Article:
Peter responds to Brett:
Re: The Witchcraze

Although I agree with a number of the broader outlines of your theory, I think that we are coming from rather different philosophical starting points. You write:

[Brett]: But early modernity brings with it a host of innovations, among them the political individual and the national polity. Power is reorganized with these new entities at its poles, and power starts pushing beyond the walls of cities. Modern authority analyzes its domain, and applies itself to the particular at the highest possible level of detail.

This analysis seems to me to be idealist -- essentially you mention the increase in predominance of a number of innovations in the field of ideology. These, you seem to argue, form the basis of further action -- the emergence of the nation state is the impetus for organisation against the countryside.

Where, however, did these ideas -- the unitary nation, the political individual, arise?

I'd argue that these ideas arose as an ideology in response to developments in the material reality of life -- as the material possibility of changes in organisation of labour emerged, so the antagonism (or contradiction) between new (capitalist) organisation of labour and old (feudal) organisation of labour provided the momentum for the ideological developments you describe.

[Brett]: What does this mean in the witch trials? Well, the separation of civil and ecclesiastical power is still a ways off, and as newly-formed central authorities attempt to pervade their entire domains, one of the first things that has to go is non-orthodox Christianity. It should be no surprise, then, that folk religion was brutally suppressed. And since the bulk of its practitioners were women, the boom was lowered most heavily on them.

Hm. Again, *why* did this happen?

I'd like to note that the reformation started happening at around this time as well -- and this provides to me quite an interesting example - why did the reformation -- itself a non-orthodox form of Christianity -- gain in power, whilst folk religion was supressed? After all, reformations of Christianity were nothing new -- take for instance Jan Hus, who developed a large following in (as I recall) Bohemia in (as I recall) the 13th century -- but was ultimately defeated?

Seemingly at the same time, Europe was pulling in two directions -- on the one hand you have the "reformation" of Luther, Calvin, etc., and on the other hand you have mostly forgotten movements such as the Diggers, the Levellers, the Ranters, and the Quakers and Shakers.

Each of these movents had a _material_ base and a _material_ goal. Luther and co. could not have succeeded without powerful material, military and political backing.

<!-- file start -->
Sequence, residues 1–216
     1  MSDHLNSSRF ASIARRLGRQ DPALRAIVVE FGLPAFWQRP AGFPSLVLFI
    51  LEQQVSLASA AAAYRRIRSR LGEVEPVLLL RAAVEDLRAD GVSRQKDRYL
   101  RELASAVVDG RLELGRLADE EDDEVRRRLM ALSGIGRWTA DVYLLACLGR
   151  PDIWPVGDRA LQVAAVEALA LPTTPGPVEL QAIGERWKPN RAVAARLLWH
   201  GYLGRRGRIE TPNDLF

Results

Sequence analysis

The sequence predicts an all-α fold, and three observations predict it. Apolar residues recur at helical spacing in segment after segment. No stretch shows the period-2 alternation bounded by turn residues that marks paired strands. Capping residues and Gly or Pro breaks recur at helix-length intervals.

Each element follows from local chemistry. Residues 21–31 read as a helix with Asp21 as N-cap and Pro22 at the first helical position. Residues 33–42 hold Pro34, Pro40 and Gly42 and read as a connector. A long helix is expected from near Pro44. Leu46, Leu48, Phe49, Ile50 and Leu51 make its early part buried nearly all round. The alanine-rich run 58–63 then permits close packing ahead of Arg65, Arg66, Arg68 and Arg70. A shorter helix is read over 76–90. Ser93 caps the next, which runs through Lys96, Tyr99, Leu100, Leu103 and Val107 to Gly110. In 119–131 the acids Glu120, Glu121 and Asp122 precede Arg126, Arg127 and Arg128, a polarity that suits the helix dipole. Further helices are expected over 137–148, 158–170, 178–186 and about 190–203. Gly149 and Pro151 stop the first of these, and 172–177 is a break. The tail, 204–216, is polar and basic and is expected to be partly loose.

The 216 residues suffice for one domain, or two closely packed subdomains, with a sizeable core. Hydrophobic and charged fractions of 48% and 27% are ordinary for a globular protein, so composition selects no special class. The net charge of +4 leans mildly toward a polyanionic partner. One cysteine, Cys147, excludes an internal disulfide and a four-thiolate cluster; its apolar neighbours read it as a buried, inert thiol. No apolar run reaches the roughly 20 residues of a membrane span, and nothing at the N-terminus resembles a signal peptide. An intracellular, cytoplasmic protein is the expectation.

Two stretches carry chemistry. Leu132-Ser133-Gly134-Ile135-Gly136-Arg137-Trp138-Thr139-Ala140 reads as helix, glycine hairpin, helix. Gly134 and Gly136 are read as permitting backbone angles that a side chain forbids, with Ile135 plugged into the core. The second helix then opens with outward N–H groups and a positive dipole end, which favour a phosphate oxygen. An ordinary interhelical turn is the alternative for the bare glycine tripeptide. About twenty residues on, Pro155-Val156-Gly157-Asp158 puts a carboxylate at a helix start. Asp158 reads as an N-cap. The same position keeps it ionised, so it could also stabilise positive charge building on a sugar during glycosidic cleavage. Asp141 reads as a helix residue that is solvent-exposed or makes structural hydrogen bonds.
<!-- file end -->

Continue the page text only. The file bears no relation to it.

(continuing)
And the philosophy of the Diggers -- who argued for the right for all to have the right to grow their own living -- had a clear meaning in a time when people were being chased off the land (for a good read on some of this, read Marx's Capital I, starting from ch. 26,, and draconian measures were being taken (including the death sentence) against the unemployed.

I would argue that the "folk religions" of Europe were basically normal responses to the concerns of the day -- concerns which have given rise to similar religious concepts in similar societies across the world.

Anyway, let's continue:

[Brett]: So far, it's just bad luck. But here's my thesis: the witch trials started as a mere *object* of power, but as they progressed, they became a *technique* of power...

Can you explain this distinction... Do you mean that at first the witch trials were the expression of pre-existing power, and then they became the means to uphold power?

At the start, a witch trial had as its goal the enforcement of uniform spirituality, and the erradication of the forces of Satan (I think it's safe to say that one of the prime movers of the craze was the projection of fantasies of diabolism onto folk religion by urban clerics)...

This is something I'd like to explore in a lot more detail. One interesting data point that I recall from my reading in this field is that the first witch trials started against men (this is for the first couple of decades of the witch craze) and then proceeded against women (and ended up killing far more women than men). Is this backed up by your reading? If so, why did this happen? Who were the men? Who were the women? Was there a "bridge" -- and if so, what was it?

Once a community had been thrown into panic, turned against itself, and deprived of local authority figures, its autonomy was permanently compromised. The witch trial transforms itself into an instrument for power to disrupt and penetrate levels of society previously beyond its scope. By the time the witch persecutions started to slack off in the mid-1600s, the royal state was absolute, and no person or practice was outside its domain.